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Food Psychology and Overeating Professor Brian Wansink Food & Brand Lab -- Director Cornell University. Who? 6 Profs from 5 depts 7 graduate students Hidden camera observation lab 2 restaurants; 1 snack room A 3400 person national consumer mail panel 5 cooperating stores. How?

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Food Psychology and Overeating Professor Brian Wansink Food & Brand Lab -- Director Cornell University

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Food psychology and overeating professor brian wansink food brand lab director cornell university l.jpg

Food Psychology and Overeating

Professor Brian Wansink

Food & Brand Lab -- Director

Cornell University


We examine the whys behind what consumers eat l.jpg

Who?

6 Profs from 5 depts

7 graduate students

Hidden camera observation lab

2 restaurants; 1 snack room

A 3400 person national consumer mail panel

5 cooperating stores

How?

Lab experiments

Field studies

Consumer panels

Data-base mining

In-depth interviews

“Hidden” In-kitchen cameras

Since 1990 . . .

115 studies

43 referred journal articles

1 book (& 1 forthcoming)

70% focuses on consumption

volume & frequency

We Examine the“Whys” Behind What Consumers Eat

Marketing

Nutrition

2004-Brian Wansink

U of Illinois Press

New


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What Unknowingly Influences Consumption?

  • There Might be Systematic Explanations

    • Step 1. Uncovering the Systematic Biases

    • Step 2. Explaining these Biases

  • Consider a Shopping Related Warm-up Example


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Warm-up Shopping Example:Why Do We Buy Too Many?

  • Which Sign Sells More . . .

    • Limit 12/personvs. No Limit/person

    • 3 for $3.00vs.1 for $1.00

    • Buy 18 for the weekendvs.Buy some for the weekend


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Why Do We Buy Too Many?

  • We focus on what to buy

    . . . not how many

  • We are highly suggestible to numerical signs

    • We anchor on their numbers and adjust our purchase from there

    • Examples: 12 per person 3 for 99¢Buy 6 for snacks

    • We say, “I usually buy 1 or 2, but . . .”

    • Numerical signs can end up doubling how much we buy

  • “Oh, but that never happens to me . . .”


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Two Topics for Today . . .

1. How the Size and Shape of Containers Influence Consumption

2. Taste Suggestibility


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Beware of the Size and Shape of Containers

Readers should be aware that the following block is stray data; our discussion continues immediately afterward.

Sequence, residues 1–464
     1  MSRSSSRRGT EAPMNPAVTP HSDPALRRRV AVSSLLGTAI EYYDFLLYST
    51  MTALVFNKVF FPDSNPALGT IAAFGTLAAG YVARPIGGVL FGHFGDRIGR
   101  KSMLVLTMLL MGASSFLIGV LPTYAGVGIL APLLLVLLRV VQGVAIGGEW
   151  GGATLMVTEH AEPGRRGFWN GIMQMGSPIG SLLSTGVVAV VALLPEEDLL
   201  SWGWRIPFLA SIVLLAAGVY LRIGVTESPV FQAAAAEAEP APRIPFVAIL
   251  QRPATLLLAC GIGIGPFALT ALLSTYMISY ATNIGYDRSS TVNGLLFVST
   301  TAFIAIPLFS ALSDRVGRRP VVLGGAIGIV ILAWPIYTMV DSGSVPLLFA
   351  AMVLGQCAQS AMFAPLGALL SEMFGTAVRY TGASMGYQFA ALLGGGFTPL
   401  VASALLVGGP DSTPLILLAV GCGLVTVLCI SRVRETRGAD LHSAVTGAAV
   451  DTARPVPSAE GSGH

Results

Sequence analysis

• General Finding About Package Size . . .

  • Study 1. Hungry for Stale Movie Popcorn?

  • Study 2. Do Shapes Bias Consumption?

  • Study 3. The Philadelphia Bartender Study

  • Study 4. How about a Different Form of Fat?


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Package Size Increases Consumption

  • People who pour from larger containers eat more than those pouring from small

    • Consistent across 47 of 48 categories

    • Obviously, up to a point

    • Mediated by price per unit (R2= only 23%)

  • Additional rationale . . .

    • There are no concerns of “running out”

    • More difficult to monitor

  • Criticism -->This only applies to hedonic or tasty foods. For instance, the effects would be less for unliked foods.

General Finding:

Package Size Can

Double Consumption


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1. Hungry for Some Stale Movie Popcorn?

  • General Question

    • Does food quality moderate?

    • Any interesting gender effects?

  • The Field Study (Chicago, IL)

    • Movie was Mel Gibson in “Payback”

    • Free popcorn (“Illinois History Week”)

    • 2x2 Design

      • Large vs. X-Large Popcorn (pre-weighed)

      • Fresh vs. 10-day-old Popcorn

    • After the movie, ask questions & weighed popcorn


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We Eat Much More from Big Containers

Grams Eaten

  • People eat 45-50% more from extra-large popcorn containers than large ones

  • They still eat 40-45% more with stale popcorn


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2. Do Serving Container Shapes Bias Consumption?

  • Piaget’s Conservation of Volume

    • Kids think tall vessels hold more than wide vessels

    • They fixate on 1 dominate dimension (height)

  • This should influence the consumption

    • If tall glasses are thought to hold more . . .

      • They should over-pour in to short wide glasses

      • But they should believe they under-poured


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2. Do Serving Container Shapes Bias Consumption?

  • 133 adolescentsat a “Nutrition & Fitness Camp” in NH

  • Cafeteria at breakfast time